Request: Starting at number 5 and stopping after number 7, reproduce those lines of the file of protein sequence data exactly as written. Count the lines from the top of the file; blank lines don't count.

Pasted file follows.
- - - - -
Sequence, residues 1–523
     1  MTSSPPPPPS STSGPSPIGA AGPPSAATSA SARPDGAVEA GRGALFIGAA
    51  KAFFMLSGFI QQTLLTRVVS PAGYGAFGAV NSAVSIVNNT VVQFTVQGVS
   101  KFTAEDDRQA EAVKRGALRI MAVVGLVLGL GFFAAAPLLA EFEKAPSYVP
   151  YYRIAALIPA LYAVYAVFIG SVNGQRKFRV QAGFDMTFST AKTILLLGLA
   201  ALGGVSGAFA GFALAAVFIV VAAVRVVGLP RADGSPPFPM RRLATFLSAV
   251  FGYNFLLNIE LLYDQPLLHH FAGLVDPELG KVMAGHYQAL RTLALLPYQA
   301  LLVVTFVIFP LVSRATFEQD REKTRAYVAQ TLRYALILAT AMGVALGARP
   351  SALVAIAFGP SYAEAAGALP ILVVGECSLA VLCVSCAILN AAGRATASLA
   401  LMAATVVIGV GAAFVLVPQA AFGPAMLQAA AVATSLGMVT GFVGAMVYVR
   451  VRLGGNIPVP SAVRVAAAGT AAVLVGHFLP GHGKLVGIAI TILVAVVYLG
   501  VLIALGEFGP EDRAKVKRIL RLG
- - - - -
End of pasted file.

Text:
   151  YYRIAALIPA LYAVYAVFIG SVNGQRKFRV QAGFDMTFST AKTILLLGLA
   201  ALGGVSGAFA GFALAAVFIV VAAVRVVGLP RADGSPPFPM RRLATFLSAV
   251  FGYNFLLNIE LLYDQPLLHH FAGLVDPELG KVMAGHYQAL RTLALLPYQA